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It happens every year around this time: Gyms, yoga studios and other such venues become busier than normal, as people with a New Year's resolution to get healthier start or restart their fitness regimen.
"It's like killer," as the new year begins, said Jenna Lomazzo, owner of Thee House of Yoga on Fifth Avenue in Indialantic. "I see a huge spike in January. There's so much energy," with attendance increasing by about 50%.
Bo Smith, a certified trainer and owner of Concierge Fitness on Barton Boulevard in Rockledge, sees a similar trend at his facility.
Some clients even call him in December, but don't schedule their classes and training sessions until early January.
"There's just something about the new year — getting a fresh start," said Smith, a former Rockledge High and Western Kentucky University football player. "People start goal-setting. They want to be 'beach-ready' or 'vacation-ready' by spring or summer."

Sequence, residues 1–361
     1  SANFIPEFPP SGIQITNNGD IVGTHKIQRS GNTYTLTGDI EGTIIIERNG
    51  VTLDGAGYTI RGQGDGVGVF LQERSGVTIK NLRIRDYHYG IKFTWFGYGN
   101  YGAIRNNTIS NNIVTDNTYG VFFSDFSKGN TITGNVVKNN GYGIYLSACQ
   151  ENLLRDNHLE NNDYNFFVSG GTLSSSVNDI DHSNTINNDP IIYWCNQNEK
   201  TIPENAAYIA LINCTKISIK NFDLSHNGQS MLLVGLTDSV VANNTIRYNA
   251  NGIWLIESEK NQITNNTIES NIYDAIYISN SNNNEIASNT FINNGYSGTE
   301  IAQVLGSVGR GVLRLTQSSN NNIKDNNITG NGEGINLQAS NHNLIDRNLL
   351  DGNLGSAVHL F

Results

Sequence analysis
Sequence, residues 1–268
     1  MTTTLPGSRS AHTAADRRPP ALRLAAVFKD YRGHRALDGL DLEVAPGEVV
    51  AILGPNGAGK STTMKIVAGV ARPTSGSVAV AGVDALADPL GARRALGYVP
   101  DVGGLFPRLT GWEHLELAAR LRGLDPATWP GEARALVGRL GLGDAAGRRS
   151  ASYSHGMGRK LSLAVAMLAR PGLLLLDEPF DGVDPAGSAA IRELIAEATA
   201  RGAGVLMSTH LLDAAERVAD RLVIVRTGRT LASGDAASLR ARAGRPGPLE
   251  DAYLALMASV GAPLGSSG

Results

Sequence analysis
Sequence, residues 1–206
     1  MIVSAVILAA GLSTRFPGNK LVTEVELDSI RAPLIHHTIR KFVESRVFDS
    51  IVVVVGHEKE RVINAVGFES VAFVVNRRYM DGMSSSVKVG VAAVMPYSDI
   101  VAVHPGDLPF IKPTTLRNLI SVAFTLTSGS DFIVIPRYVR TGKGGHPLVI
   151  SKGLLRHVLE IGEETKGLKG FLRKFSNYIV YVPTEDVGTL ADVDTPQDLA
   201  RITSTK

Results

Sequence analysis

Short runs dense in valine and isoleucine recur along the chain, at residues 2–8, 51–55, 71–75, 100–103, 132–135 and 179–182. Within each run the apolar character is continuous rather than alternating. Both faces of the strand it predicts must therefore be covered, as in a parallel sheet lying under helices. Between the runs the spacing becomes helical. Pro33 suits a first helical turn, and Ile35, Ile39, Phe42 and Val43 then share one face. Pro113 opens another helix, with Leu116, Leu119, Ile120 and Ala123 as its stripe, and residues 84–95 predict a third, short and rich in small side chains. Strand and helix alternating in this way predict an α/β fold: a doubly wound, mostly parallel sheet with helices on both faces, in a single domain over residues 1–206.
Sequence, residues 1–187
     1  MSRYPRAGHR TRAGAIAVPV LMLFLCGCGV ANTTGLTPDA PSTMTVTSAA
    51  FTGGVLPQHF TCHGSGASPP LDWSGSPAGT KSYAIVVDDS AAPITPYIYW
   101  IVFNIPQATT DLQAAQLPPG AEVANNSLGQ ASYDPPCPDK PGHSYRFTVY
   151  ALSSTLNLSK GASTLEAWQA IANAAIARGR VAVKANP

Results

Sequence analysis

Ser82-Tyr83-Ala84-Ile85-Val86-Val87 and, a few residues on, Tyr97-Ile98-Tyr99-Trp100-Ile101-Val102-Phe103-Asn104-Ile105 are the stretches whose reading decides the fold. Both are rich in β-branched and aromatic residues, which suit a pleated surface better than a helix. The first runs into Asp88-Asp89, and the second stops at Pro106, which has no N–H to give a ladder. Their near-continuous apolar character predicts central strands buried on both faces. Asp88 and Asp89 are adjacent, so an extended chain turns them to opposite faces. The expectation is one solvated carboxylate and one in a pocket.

But Lomazzo, Smith and others in the fitness field caution that, when starting or restarting a fitness program, you need to do it right.
Michael Dean, a certified personal trainer at Health First's Pro-Health & Fitness Center on North Wickham Road in Viera, uses the acronym SMART to describe how people should approach fitness goal-setting.
Dean, who formerly was a trainer in the Air Force, said the acronym stands for these five attributes — the goals needed to be specific, measurable, attainable, realistic and timely.
He said some people get discouraged if they set unrealistic goals, then give up on their efforts.
"People want to lose 50 pounds in a month," Dean said. "But it's going to take time."
Commit to 'lifestyle change'
Dr. Mark Pinsky, who runs the Pinsky Medical Weight Loss Clinic on Spyglass Hill Road in the Suntree/Viera area, said the biggest problem with people not succeeding on their fitness goals is not being focused or consistent.